Sheyene Institute founder´s letter

May 22, 2020




The next revolution will take civilization off the planet and into space.  This is made possible by robotics and artificial intelligence. While it is challenging for humans to live in space due to radiation, lack of gravity, and the costly need for life support systems, robotic machinery can be easily adapted to solve all these challenges. Robotic industry in space will create an unprecedented growth in economic productivity. Space resources are billions of times more abundant than Earth's resources. With unlimited material and energy resources, unlimited real estate in free space, and unlimited robotic labor (as robotic factories “reproduce” by creating more robotic factories without need for human labor to slow the growth), the industry is predicted to grow exponentially, dwarfing all of Earth's economic activity within just 50 years after it is initiated on the Moon and with asteroids. This will create unprecedented opportunity for human civilization.


This revolution is beginning now due to recent advances in robotics. According to Bill Gates in 2007, robotics "is developing in much the same way that the computer business did 20 years ago".[1] A 2016 review finds “robots dexterous enough to thread a needle and sensitive enough to work alongside humans. They can assemble circuits and pack boxes. We are at the cusp of the industrial-robot revolution”.[2] The sectors most needed for space industry are also the most automatable: manufacture of computers and electronics, electrical equipment, components, appliances, transportation equipment, and machinery are at least 85% automatable today. Mining companies are now adopting fully autonomous vehicles for underground mining, dozing, and hauling. Robotics is penetrating the construction industry, as well. Masonry buildings are constructed by robots that lay bricks three times as fast as humans. Robotic systems are being developed to autonomously construct steel beam buildings, including high-rise buildings. An example is found in this fully automated factory in Japan:


At this moment, in one of Fanuc's 40,000-square-foot factories near Mt. Fuji, robots are building other robots at a rate of about 50 per 24-hour shift and can run unsupervised for as long as 30 days at a time. When they stop, it's because there's no room to store the goods. Trucks haul off the new robots, the lights are cut, and the process begins anew. "Not only is it lights-out," says Fanuc vice president Gary Zywiol, "we turn off the air conditioning and heat too."[3]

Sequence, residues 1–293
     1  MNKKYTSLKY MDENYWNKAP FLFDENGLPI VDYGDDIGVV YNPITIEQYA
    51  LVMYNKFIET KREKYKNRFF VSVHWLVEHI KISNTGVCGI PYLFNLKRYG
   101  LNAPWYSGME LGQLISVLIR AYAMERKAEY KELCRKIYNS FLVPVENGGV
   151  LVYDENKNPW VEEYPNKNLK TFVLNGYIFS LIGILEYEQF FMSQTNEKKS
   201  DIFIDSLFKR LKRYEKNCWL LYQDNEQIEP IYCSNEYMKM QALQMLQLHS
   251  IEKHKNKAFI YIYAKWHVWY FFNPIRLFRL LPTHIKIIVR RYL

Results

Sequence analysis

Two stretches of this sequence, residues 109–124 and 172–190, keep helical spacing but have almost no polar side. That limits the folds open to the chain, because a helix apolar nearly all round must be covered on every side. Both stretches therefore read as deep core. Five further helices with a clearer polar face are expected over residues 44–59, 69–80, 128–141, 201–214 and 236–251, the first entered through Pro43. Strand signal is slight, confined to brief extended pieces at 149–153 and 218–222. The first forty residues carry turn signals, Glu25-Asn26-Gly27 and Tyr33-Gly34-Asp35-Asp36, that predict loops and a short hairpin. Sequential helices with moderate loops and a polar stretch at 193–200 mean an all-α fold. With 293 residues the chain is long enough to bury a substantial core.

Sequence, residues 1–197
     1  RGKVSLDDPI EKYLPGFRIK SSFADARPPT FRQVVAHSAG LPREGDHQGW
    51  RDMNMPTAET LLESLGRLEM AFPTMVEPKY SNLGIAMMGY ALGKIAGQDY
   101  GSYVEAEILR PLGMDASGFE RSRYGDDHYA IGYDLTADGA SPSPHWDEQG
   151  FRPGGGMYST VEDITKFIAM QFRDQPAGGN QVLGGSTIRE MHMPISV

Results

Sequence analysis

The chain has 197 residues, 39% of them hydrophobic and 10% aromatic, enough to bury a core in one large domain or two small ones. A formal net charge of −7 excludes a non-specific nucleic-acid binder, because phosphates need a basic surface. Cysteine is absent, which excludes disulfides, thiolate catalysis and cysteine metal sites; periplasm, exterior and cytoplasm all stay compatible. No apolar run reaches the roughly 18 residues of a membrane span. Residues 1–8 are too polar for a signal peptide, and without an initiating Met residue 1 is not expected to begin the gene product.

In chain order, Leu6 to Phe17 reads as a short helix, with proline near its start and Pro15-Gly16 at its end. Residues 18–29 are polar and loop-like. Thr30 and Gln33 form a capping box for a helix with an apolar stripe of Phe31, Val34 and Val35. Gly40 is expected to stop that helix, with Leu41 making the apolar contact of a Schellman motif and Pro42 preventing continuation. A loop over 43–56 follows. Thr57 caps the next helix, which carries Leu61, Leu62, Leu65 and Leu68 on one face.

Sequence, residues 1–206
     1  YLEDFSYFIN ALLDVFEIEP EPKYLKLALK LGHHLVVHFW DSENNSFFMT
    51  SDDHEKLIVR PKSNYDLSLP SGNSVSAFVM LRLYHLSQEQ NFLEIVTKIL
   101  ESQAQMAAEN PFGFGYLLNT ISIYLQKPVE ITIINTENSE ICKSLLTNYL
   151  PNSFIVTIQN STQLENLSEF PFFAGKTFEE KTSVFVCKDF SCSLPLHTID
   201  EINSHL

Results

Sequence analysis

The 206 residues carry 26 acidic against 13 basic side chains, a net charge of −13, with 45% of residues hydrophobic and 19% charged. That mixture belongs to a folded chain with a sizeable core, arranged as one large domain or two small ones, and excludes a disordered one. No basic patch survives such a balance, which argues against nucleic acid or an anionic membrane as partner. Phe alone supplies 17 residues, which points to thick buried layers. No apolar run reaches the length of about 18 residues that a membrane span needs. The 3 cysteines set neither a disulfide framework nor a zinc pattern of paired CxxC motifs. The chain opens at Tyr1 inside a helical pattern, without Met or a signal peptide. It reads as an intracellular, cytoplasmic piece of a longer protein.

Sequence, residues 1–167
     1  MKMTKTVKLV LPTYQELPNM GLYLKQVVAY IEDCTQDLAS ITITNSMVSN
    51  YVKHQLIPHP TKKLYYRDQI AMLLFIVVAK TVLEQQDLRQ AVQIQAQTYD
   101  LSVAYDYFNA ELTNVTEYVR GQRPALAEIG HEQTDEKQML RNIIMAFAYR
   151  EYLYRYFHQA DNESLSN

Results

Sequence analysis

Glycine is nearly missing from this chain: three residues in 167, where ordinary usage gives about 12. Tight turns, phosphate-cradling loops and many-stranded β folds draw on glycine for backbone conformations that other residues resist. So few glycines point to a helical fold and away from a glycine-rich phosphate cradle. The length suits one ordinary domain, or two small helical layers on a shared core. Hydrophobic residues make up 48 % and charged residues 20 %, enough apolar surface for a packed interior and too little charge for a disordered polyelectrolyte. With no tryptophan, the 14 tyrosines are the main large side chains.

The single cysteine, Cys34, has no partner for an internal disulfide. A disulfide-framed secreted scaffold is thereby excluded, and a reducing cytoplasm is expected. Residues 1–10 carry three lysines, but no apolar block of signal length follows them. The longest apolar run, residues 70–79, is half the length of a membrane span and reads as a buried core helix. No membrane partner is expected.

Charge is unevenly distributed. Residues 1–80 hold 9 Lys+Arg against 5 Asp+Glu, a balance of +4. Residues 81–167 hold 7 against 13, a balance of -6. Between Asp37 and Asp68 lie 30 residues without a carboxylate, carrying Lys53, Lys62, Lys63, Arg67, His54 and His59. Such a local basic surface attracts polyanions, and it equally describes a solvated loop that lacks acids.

More of these “lights out” factories that use only robots without humans are now operating. They include machines shops, distribution centers, food production plants, and electronics factories. A Chinese factory making cell phone modules in 2015 illustrates how far this automation has progressed:


…all the processes are operated by computer-controlled robots, computer numerical control machining equipment, unmanned transport trucks and automated warehouse equipment. The technical staff just sits at the computer and monitors through a central control system.[4]


These capabilities are set to revolutionize industry on Earth, but they are also rapidly changing our prospects for starting up space industry. Soon it will be possible to deploy robots that mine, extract chemical resources from the minerals and ices in space, create materials, manufacture parts, and assemble new machines. The less human intervention is needed for the robots, the more rapidly space industry can expand. This will become explosive growth after the in-space supply chain is nearly “closed” meaning most materials and parts can be made in space. The in-space supply chain will likely be built up gradually over a course of several decades beginning with several early business activities then evolving to more advanced industry.


Recently, several financial houses predicted how rapidly this space industry will grow over the coming three decades. Bank of America / Merrill Lynch published a report in 2017 predicting that space industry will octuple to become about a $3T (trillion) industry. Morgan Stanley predicts $1.1T over the same period, in substantial agreement. The United Launch Alliance, which operates the United States' Atlas and Delta families of rockets, has developed a roadmap called Cis-Lunar 1000. They predict space industry will grow to $2.7T by 30 years with 1000 people living and working in space.